Sun Studio 12: Debugging a Program With dbx

Appendix B Event Management

Event management refers to the capability of dbx to perform actions when events take place in the program being debugged. When an event occurs, dbx allows you to stop a process, execute arbitrary commands, or print information. The simplest example of an event is a breakpoint (see Using Ctrl+C to Stop a Process). Examples of other events are faults, signals, system calls, calls to dlopen(), and data changes (see Setting Data Change Breakpoints).

This appendix is organized into the following sections:

Event Handlers

Event management is based on the concept of a handler. The name comes from an analogy with hardware interrupt handlers. Each event management command typically creates a handler, which consists of an event specification and a series of side-effect actions. (See Setting Event Specifications.) The event specification specifies the event that will trigger the handler.

When the event occurs and the handler is triggered, the handler evaluates the event according to any modifiers included in the event specification. (See Event Specification Modifiers.) If the event meets the conditions imposed by the modifiers, the handler’s side-effect actions are performed (that is, the handler “fires”).

An example of the association of a program event with a dbx action is setting a breakpoint on a particular line.

The most generic form of creating a handler is by using the when command.

when event-specification {action; ... }

Examples in this chapter show how you can write a command (like stop, step, or ignore) in terms of when. These examples are meant to illustrate the flexibility of the when command and the underlying handler mechanism, but they are not always exact replacements.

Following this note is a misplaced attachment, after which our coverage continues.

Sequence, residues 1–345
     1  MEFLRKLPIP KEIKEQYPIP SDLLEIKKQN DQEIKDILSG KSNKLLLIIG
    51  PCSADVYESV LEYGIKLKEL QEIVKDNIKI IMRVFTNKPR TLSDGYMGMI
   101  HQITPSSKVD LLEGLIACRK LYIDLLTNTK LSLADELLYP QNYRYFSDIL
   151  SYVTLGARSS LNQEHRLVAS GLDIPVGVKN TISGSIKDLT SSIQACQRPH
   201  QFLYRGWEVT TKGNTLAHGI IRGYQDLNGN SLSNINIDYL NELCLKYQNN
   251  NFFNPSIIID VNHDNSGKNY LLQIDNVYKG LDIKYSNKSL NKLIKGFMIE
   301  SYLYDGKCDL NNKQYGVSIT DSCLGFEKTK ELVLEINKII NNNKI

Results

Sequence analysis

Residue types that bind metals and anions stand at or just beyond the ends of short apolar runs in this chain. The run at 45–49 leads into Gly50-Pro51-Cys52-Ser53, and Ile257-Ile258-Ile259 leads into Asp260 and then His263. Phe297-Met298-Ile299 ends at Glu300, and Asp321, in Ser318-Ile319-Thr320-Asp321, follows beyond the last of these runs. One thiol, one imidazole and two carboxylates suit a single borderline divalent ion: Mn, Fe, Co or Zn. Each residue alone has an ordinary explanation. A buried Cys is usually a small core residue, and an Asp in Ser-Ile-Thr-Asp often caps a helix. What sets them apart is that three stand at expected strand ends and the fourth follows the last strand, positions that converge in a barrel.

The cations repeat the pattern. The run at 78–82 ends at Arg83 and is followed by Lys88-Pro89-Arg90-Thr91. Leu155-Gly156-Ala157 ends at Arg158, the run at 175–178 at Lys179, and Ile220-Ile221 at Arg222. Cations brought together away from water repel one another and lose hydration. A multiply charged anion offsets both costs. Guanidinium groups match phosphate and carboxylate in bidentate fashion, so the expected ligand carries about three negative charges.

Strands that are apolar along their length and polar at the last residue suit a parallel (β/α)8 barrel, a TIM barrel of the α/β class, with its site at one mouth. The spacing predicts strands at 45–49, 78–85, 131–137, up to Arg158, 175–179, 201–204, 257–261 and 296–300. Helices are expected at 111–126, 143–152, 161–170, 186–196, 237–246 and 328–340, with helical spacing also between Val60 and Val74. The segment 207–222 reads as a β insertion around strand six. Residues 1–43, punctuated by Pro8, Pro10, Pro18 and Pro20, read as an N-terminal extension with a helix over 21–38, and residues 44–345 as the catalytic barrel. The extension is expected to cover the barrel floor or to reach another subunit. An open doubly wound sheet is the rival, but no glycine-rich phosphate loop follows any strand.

Event Safety

While dbx provides you with a rich set of breakpoint types through the event mechanism, it also uses many events internally. By stopping on some of these internal events you can easily disrupt the internal workings of dbx. If you modify the process state in these cases the chance of disruption is even higher. See Appendix A, Modifying a Program State and Call Safety.

dbx can protect itself from disruption in some cases but not all cases. Some events are implemented in terms of lower level events. For example, all stepping is based on the fault FLTTRACE event. So, issuing the command stop fault FLTTRACE disrupts stepping.

During the following phases of debugging, dbx is unable to handle user events because they interfere with some careful internal orchestration. These phases include:

In many cases you can use the when command instead of the stop command, and echo the information you would have otherwise acquired interactively.

dbx protects itself by:

For example:...stopped in munmap at 0xff3d503c 0xff3d503c: munmap+0x0004: ta %icc,0x00000008 dbx76: warning: 'stop' ignored -- while doing rtld handshake

Only the stoppage effect, including recording in the $firedhandlers variable, is ignored. Counts or filters are still active. To stop in such a case, set the event_safety environment variable to off.

Creating Event Handlers

Use the when command, stop command, and trace command to create event handlers. (For detailed information, see when Command, stop Command, and trace Command.)

stop is shorthand for a common when idiom.

when event-specification { stop -update; whereami; }

An event-specification is used by the event management commands stop, when, and trace to specify an event of interest. (see Setting Event Specifications).

Most of the trace commands can be handcrafted using the when command, ksh functionality, and event variables. This is especially useful if you want stylized tracing output.